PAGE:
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And In The End... | Anthony Panissidi's Senior Goodbye

anthony-and-outlook-in-space-needleMy idea of heaven: working as a reporter at The Outlook for the rest of my life with this same group of people while making $100,000 per year…or more.

I’ve said it countless times - I don’t see how any future job will ever amount to the fun that I’ve had here, even if I do land my dream job with The Wall Street Journal.

From major news stories about the announced retirement of President Paul G. Gaffney II to feature stories about the origins of April 20th as national pot smoking day, The Outlookhas given me skills that I can use in my first journalism job along with other unforgettable experiences.

Thanks to The Outlook, I got to go on two free trips that took me to the beautiful West Coast. From staring in awe at the Hollywood sign in Los Angeles, CA, to dining atop the Space Needle on its rotating floor that provided a panoramic view of Seattle, WA, I will always remember that my first time in both of these gorgeous cities was with The Outlook staff. Call me nostalgic.

Unfortunately, my time at The Outlook and the University has to end so there are many thanks and goodbyes in order. I’d like to start by thanking the academy…just kidding.

My Real Family

First, I need to thank some family members, beginning with my late Uncle Robert. It’s been five and a half years since your death from brain cancer, but your teachings continue to inspire me. Somehow, you still hold the title of my mentor despite how long you’ve been gone, which is a testament to how great of a teacher you always were. There’s so much that I’ve done in college that I wish I could’ve told you about, but I hope that you’re somewhere smiling down at my progress on this test that they call life. Of course, I realize that there are a million more questions that I need to answer before I can put my pencil down, so stay tuned.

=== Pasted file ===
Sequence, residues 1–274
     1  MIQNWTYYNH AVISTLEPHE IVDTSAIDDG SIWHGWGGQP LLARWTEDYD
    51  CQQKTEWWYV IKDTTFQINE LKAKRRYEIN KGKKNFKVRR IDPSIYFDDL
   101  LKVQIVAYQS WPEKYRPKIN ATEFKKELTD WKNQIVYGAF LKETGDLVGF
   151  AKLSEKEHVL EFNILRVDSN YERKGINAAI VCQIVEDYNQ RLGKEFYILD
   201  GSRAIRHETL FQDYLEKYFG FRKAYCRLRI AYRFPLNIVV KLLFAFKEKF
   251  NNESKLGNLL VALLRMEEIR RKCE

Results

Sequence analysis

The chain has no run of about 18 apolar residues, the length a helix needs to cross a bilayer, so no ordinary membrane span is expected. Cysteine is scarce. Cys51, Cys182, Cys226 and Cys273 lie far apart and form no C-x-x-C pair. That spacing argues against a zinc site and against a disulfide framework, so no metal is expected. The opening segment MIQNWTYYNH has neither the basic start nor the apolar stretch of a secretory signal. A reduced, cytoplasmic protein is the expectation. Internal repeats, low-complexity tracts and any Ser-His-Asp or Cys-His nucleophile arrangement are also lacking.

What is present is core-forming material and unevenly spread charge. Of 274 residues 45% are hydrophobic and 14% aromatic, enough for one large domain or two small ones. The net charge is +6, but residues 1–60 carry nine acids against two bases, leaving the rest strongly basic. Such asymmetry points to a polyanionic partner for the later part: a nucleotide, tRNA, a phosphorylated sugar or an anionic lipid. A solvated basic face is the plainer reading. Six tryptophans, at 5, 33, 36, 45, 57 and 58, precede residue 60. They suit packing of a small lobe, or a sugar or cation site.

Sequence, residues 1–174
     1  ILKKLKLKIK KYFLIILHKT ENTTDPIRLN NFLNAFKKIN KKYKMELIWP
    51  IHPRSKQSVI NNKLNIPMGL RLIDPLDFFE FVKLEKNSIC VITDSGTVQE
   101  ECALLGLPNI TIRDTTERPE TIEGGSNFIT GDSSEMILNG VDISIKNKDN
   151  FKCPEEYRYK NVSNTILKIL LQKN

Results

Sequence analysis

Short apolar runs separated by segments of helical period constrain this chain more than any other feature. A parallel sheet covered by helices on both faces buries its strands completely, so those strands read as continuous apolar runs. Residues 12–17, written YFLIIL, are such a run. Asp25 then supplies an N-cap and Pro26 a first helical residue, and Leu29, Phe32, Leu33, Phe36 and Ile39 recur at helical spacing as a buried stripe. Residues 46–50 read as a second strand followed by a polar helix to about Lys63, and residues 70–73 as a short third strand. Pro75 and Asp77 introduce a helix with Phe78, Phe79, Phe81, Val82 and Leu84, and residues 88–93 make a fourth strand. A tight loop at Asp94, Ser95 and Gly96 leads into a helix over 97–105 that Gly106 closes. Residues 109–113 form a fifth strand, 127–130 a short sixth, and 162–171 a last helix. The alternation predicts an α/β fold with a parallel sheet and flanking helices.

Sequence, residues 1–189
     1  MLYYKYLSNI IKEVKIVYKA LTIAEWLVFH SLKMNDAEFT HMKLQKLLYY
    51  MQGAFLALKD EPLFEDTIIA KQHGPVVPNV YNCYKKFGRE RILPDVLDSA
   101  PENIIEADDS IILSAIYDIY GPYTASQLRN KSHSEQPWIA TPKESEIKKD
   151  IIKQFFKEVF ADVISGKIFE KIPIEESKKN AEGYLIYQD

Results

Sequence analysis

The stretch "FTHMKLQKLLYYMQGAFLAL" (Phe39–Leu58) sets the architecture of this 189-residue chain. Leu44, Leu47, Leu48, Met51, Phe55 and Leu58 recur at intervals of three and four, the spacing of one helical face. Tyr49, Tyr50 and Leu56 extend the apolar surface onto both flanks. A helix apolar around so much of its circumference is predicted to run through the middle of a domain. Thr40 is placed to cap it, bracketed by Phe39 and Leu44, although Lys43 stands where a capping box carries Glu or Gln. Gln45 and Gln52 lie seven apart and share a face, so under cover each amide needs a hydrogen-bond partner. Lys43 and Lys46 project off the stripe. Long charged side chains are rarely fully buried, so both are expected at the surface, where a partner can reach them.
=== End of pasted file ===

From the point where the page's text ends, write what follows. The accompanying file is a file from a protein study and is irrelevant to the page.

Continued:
Mom and Dad, thanks for everything. Who knows where I would have wound up without the positive influence and great home life that you two continue to provide. Mom, thanks for always cooking dinner whenever I came home and relieving my stomach from the dining hall’s food. Dad, thanks for organizing my finances and cosigning my loans so I could go to college. Now, I remember telling you guys roughly four years ago that I would pay off those loans by myself. About that…

My Outlook Family

Gina, remember when I first became an editor and you asked me not to call you GG because then everybodyanthony-and-outlook-in-la else would? Sorry. There isn’t a single soul in this office who has been subjected to more of my sarcasm. Let’s put all kidding aside for one second, but only one second. You have worked wonders in this office in just two short years; just look at the national awards that The Outlookhas won during your reign. There is no doubt that you walked through the door and made the change. No, I will never stop quoting that. Your relentless work ethic has united this office for the last two years, but even through all of the stress you still managed to laugh uncontrollably at the usual office antics. I’ll never understand how you didn’t kill Brett. Anyway, part of me is glad that I won’t be here next year because I can’t imagine this office without you.

anthony-and-brettBrett, aka the man of a million voices, can you believe I’m graduating? Can you believe The Wall Street Journal still hasn’t called? Can you believe how much I can listen to the same songs? Can you believe we roomed together in L.A. and Seattle? Can you believe that you have yet to rip out my vocal cords for constantly saying, “Can you believe?” You’re a huge part of the reason why I think The Outlookwill always be the most fun job I’ve ever had. From “Hey Girls” to “Ad Girl” and all of the “Ahahas” in between, I don’t know what I’m going to do in my next job without you there to constantly break the tension. I’m sorry that “DJ Repeat” can’t be there next year to constantly play the same songs over and over. Good luck as Editor-in-Chief.